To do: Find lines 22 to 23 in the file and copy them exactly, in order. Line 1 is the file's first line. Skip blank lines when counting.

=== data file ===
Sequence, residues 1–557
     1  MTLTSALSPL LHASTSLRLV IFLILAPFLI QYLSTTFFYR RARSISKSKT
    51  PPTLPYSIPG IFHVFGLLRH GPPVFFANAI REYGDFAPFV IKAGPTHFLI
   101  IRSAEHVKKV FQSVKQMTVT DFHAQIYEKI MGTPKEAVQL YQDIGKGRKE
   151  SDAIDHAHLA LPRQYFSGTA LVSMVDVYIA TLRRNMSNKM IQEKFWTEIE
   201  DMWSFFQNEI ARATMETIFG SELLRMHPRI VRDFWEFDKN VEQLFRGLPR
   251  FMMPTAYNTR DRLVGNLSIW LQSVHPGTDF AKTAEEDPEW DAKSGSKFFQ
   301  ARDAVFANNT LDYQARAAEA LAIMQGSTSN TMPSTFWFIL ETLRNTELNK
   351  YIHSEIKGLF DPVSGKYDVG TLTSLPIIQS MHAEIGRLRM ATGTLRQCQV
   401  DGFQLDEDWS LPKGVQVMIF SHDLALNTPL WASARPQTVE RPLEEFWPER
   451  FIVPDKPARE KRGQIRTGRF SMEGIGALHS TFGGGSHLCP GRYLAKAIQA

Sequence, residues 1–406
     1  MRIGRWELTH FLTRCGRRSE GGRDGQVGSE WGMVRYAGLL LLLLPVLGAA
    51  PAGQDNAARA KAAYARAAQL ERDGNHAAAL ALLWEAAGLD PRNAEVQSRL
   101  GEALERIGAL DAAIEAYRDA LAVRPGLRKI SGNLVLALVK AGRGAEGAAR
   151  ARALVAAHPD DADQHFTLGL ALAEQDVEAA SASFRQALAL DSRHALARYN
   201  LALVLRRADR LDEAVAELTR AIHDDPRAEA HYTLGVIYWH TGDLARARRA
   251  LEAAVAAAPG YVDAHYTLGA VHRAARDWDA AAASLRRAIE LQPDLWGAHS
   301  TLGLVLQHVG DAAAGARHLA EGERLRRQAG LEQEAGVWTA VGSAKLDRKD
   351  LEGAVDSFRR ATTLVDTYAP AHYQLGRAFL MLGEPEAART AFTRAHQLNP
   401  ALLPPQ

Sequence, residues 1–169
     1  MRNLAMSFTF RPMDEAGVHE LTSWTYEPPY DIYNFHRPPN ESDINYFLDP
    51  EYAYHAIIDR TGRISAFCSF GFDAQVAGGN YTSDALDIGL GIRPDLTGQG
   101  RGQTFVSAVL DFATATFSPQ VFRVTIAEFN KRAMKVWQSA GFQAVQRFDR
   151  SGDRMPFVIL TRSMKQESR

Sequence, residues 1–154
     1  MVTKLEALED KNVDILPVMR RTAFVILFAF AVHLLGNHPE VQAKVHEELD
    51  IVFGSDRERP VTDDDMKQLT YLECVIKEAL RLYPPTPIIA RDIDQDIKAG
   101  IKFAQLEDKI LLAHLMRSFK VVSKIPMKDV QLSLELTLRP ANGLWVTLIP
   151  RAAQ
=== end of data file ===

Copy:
Sequence, residues 1–169
     1  MRNLAMSFTF RPMDEAGVHE LTSWTYEPPY DIYNFHRPPN ESDINYFLDP